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Discussion Starter · #1 ·
I have a 24 frame top bar hive with window on the side. Last week we had pretty good weather so I opened the window to look inside and it had a watermelon size ball of cluster. To prevent them from swarming in the spring I decided to put 8mm spacers for them to have enough room. Now it seems like there is a lot of space and today when I looked I saw 2 balls of cluster. It seems like they seperated. Is that okay, or is that normal? What does it mean?
 

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You really don't want to mess with the cluster, especially in the dead of Winter like it is for us Northern folks. I wouldn't go in and bother them again, but in the future I would avoid manipulating them in any way if possible until the Spring comes around...

Good luck!

Matt
 

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It could mean many different things. It's not normal in any way! The worst case scenario is you have somehow created a barrier in the stores the bees will not cross. Bees will not cross empty comb to get to honey just inches away they will stay in place and starve to death. I would like to tell you the cluster will reform by itself but I just don't know take a peak through the window and check! Get back to us!

Matt is right once the cluster is set the colony should not be disturbed!
 

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>I decided to put 8mm spacers for them to have enough room.

You mean you spaced the frames out 8mm more than they were when the bees built them? I think that's a very bad idea. Narrower spaces are easier for them to heat and maintain.

> Now it seems like there is a lot of space and today when I looked I saw 2 balls of cluster. It seems like they seperated. Is that okay, or is that normal?

No. It's not normal, but it does happen sometimes.

> What does it mean?

They are confused. Hopefully they two clusters will find one another again. Next time leave out the spacers:

http://www.bushfarms.com/beesframewidth.htm
 

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If I understand this correctly, For some reason you felt a need to space the bars further apart which in turn created a greater distance between each comb face. Once this was done I would suspect that the bees became quite confused with the suddenly new and inaccurate bee space. The bee space means everything to these little girls. This is one area that I am quite solid on in my beliefs. I do not think that bars should be moved from one part of the hive to another as the comb faces will not match and the bee space will be all out of kilter. But that's for a different post. Back to your problem. Bee space is so important to me that I never move comb from one place to another and I never put a bar back in the same place in reverse from how it came out of the hive. Now, I may get some strong feed back on this but if this hive were in my yard I would very gently remove whatever spacers that were added and push the bars back together and close the hive up to wait for spring.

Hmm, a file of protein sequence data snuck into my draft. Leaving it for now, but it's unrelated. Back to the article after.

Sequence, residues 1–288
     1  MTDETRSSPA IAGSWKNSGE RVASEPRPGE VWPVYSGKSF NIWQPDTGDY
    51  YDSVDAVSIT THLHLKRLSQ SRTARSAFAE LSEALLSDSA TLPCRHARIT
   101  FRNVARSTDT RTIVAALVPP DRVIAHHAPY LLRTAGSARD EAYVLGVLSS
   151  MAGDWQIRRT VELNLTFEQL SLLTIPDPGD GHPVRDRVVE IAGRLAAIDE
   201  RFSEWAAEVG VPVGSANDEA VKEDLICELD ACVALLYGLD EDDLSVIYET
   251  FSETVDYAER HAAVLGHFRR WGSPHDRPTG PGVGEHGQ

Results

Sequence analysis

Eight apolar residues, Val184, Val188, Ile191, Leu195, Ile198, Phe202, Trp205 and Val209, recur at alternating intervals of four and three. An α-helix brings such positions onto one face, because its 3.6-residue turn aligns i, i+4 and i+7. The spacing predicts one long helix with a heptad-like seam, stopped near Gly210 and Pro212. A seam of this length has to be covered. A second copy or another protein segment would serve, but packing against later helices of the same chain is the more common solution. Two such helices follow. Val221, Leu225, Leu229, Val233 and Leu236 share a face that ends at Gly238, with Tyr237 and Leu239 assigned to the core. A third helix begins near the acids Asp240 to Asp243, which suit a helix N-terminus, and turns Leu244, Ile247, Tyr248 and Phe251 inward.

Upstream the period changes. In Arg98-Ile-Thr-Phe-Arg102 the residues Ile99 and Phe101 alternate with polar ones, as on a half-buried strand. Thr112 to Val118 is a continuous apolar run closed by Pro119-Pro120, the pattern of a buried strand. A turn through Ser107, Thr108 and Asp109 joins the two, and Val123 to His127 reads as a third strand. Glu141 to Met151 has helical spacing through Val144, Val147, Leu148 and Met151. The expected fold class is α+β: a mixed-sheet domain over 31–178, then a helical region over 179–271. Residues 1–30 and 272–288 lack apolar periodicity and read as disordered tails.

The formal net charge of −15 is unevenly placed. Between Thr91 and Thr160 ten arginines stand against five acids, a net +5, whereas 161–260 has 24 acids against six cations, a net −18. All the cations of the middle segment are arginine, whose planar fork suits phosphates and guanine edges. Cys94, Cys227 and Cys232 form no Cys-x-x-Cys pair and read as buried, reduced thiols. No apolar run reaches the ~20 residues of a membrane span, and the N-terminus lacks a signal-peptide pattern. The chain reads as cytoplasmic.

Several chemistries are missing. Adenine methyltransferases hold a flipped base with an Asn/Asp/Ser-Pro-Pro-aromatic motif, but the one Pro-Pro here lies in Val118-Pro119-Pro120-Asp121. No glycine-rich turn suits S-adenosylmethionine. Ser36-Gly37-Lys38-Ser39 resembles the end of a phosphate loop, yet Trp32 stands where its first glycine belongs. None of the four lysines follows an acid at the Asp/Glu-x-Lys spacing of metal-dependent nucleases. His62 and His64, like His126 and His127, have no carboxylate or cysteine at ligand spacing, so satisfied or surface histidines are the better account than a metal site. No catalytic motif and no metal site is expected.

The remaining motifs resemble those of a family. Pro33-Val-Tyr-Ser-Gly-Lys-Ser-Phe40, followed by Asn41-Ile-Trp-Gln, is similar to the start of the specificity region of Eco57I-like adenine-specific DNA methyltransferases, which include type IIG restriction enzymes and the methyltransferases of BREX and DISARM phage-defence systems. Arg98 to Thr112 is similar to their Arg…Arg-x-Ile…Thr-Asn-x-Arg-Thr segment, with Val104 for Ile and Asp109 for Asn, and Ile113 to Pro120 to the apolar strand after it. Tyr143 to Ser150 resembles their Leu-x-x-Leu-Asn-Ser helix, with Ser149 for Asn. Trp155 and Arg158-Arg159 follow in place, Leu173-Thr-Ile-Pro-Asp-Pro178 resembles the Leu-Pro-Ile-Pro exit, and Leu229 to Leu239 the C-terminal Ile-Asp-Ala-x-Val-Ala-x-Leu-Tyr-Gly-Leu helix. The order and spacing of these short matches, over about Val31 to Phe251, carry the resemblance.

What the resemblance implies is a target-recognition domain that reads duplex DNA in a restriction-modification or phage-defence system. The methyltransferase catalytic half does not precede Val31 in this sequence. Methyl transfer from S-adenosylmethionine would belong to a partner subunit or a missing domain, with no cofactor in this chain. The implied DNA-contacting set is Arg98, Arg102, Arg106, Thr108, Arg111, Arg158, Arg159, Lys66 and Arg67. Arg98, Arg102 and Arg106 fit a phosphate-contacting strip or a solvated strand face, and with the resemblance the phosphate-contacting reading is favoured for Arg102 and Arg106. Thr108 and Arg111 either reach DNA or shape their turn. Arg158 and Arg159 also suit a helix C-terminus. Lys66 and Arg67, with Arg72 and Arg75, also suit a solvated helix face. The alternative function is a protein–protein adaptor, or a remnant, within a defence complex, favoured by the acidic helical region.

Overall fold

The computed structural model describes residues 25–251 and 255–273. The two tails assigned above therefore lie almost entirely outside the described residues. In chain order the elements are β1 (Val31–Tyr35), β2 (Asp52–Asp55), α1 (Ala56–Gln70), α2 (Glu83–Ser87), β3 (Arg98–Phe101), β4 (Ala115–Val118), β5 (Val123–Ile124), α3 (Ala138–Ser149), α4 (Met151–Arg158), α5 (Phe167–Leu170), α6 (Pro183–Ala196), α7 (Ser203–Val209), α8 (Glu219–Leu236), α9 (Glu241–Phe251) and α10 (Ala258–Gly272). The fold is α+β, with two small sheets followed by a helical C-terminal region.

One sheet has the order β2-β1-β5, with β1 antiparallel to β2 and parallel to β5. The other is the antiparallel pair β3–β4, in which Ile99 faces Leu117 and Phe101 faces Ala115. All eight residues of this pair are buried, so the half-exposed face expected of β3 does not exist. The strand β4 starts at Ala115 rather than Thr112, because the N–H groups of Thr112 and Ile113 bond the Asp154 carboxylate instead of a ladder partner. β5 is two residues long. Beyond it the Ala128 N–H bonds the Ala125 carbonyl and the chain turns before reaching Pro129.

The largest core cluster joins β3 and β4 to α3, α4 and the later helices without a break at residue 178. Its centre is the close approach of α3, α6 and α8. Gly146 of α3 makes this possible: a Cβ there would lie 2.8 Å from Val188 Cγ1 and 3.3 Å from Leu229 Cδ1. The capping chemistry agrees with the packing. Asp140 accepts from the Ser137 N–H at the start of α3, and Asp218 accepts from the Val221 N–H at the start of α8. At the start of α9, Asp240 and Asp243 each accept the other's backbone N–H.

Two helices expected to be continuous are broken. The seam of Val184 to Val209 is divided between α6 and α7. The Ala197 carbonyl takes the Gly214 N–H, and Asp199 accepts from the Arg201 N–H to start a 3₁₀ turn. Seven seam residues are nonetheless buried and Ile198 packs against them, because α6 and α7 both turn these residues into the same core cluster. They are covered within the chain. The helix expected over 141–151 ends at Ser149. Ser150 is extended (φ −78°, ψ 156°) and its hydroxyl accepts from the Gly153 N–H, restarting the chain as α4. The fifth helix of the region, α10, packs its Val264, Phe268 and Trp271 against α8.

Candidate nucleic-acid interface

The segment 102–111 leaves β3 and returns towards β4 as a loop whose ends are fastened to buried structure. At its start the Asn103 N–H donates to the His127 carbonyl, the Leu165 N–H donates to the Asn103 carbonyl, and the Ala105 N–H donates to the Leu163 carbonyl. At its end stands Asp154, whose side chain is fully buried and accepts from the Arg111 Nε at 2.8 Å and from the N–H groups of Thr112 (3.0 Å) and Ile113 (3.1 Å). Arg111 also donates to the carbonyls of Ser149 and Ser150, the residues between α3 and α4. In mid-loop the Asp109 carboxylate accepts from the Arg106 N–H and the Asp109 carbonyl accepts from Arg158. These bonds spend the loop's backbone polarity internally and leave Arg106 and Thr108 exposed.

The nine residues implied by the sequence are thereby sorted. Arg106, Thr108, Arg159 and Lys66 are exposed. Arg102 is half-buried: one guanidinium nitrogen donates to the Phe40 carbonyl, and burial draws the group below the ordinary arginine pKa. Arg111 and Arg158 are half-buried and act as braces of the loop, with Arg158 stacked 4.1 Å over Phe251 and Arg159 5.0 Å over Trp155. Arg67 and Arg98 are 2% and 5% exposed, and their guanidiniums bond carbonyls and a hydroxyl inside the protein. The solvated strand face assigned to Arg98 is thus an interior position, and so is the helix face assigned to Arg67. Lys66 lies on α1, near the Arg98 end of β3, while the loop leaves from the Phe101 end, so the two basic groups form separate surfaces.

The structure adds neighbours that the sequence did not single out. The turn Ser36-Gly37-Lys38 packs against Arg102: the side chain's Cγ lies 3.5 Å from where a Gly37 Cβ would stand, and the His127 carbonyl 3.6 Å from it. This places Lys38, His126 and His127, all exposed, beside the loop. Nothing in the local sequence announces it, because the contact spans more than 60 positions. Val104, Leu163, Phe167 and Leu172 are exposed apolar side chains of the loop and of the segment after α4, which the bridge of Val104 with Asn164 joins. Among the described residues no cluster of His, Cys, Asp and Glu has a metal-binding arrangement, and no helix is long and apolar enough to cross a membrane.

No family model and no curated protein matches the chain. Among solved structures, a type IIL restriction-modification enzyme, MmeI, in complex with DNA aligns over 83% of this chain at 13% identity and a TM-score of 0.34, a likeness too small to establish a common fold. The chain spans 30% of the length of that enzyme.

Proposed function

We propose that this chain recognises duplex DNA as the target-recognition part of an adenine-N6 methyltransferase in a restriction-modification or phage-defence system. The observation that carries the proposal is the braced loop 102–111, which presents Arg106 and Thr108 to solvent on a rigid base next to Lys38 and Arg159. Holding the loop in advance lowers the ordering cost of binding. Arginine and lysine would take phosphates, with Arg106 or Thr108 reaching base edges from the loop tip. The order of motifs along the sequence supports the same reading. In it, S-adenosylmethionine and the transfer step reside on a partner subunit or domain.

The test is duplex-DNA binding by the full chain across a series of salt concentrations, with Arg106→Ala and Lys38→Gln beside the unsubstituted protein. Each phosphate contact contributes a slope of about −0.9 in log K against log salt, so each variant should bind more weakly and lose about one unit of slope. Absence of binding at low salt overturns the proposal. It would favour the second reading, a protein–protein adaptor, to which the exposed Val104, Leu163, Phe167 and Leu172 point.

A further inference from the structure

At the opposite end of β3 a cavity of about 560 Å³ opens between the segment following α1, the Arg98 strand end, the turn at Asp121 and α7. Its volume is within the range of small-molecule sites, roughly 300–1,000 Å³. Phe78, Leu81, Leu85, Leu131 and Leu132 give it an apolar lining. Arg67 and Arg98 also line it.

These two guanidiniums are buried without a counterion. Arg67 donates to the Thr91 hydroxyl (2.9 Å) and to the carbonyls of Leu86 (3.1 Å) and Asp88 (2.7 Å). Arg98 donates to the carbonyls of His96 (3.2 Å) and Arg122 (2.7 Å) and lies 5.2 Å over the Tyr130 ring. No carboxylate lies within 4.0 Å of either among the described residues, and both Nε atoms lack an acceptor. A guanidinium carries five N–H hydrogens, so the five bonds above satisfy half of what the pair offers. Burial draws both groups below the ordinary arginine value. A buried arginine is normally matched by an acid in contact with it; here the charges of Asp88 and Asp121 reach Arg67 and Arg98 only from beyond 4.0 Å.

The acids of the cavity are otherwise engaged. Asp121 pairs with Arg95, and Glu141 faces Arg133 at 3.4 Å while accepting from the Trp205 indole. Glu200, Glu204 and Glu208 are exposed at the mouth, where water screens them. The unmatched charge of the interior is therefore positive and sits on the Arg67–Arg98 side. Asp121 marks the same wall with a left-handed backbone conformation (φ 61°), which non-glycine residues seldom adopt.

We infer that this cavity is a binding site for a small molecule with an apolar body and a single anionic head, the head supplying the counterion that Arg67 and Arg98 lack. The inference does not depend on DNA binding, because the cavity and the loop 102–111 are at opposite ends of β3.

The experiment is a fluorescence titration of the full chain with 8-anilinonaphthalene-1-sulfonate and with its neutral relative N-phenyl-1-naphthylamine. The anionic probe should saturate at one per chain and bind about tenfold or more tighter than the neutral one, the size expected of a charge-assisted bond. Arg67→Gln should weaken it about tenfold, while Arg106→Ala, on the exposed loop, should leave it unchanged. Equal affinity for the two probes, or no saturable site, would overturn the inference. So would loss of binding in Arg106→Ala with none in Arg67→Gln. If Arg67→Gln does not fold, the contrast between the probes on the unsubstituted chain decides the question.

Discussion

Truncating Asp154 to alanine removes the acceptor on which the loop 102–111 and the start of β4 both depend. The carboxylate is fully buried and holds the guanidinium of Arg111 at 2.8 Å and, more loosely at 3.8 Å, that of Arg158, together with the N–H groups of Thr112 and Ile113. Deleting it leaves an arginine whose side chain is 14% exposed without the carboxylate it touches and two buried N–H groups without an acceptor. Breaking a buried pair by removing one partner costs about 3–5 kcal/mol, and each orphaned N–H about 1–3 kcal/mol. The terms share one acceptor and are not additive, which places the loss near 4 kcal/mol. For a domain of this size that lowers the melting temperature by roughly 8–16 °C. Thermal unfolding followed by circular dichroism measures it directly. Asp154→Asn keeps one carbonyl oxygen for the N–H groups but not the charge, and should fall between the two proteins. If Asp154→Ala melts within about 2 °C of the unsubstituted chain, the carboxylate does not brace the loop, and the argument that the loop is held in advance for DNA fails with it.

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I would very gently remove whatever spacers that were added and push the bars back together and close the hive up to wait for spring.
Best to just leave the spacers until next year. The reason is the spacers were placed in the spring. I would imagine the honey dome above the cluster is pretty well packed with the spacers being part of the whole dome. If you try to take the spacers out I don't think you will be able to push the bars together without causing a mess as the storage cells will have been extended out past the bars.
 

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I must have misunderstood the post then. I understood the post to say that the spacers were added just in the last couple of weeks to prevent swarming THIS COMING spring. Very sorry for the misunderstanding.
I assummed they where placed in the spring. Looking at the post again, it does read as you thought.
Maybe ivashka could confirm what was meant?
 

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Discussion Starter · #11 ·
I am sorry all, I didn't realize my posting was going to get confused. I did put spacers in just a couple of weeks ago to prevent swarming in the spring. Thank you for ALL of your replys. I will go ahead and remove spacers when the weather gets warmer.
 

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How would adding spacers now prevent swarming in spring? 8mm is almost 1/3 of an inch or a bee space. Sounds like the No Swarm Honey Master Frames of the '70s.
 
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